In the news: Typhoon Haiyan left a trail of destruction in its wake on 8 November. The death toll stands at more than 5000, and millions of people were displaced.
Comments by Maricar Salacinas, a PhD student at Plant Research International, and Verna Duque, MSc student of environmental sciences, both from the Philippines.
Maricar: ‘I head through social media the day before that the typhoon would hit the Philippines. I got up in the middle of the night to phone my sister – luckily it wasn’t too bad in her region. I was stunned the next day when I saw on the news how massive the typhoon was. We are used to typhoons on the Philippines, but this one was in a class of its own.’
Verna: ‘I stayed up all night to stay in touch with my family on Skype. A moderate storm impact was expected in our region, but because our house has been flooded before, the children were moved elsewhere anyway. And just as well, because the house did get flooded again. Luckily everyone was spared.’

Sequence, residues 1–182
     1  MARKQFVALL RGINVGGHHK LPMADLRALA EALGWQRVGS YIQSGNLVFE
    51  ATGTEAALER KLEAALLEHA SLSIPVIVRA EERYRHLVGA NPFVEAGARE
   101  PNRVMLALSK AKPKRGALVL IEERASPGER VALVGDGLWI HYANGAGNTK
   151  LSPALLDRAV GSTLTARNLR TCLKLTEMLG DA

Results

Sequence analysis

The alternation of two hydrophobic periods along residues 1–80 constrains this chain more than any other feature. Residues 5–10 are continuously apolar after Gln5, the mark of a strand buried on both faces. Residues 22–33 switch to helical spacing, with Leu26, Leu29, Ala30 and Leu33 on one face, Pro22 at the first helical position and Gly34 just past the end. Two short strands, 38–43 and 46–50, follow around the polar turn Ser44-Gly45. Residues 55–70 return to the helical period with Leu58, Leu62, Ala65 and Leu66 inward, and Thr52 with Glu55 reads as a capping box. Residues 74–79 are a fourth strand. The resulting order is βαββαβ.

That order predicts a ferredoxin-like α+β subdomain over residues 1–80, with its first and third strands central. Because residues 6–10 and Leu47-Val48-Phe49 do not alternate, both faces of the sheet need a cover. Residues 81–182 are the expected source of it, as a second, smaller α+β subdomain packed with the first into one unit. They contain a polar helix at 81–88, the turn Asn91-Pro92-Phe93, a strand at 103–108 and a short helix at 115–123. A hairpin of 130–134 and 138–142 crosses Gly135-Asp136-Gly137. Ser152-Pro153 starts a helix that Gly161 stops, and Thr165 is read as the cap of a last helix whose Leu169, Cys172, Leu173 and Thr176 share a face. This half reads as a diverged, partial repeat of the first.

Verna: ‘The family of a friend of mine who is a PhD student in Belgium was at the centre of the storm. All communication was cut off and he heard nothing for five days, which got him very worried. With the help of colleagues, who had a whip-round, he could fly back to the Philippines. And he found his family, fortunately unharmed. He took food and a filter system for drinking water with him. They are living off that now.’
Maricar: ‘Together with Wageningen Filipinos and the Filipino community in Nijmegen, we organized a dinner, the proceeds from which have gone to the people of the Philippines. A lot is being done here for the victims in the Philippines. That touches us deeply. There are so few Filipino students in Wageningen, but with all these efforts we feel that people are aware of us, that we matter to them.’
Verna: ‘One of my professors sent me an email and a lot of people ask how it’s going. That really does us good. Even if we are far from our own families, it is as if we have a family here.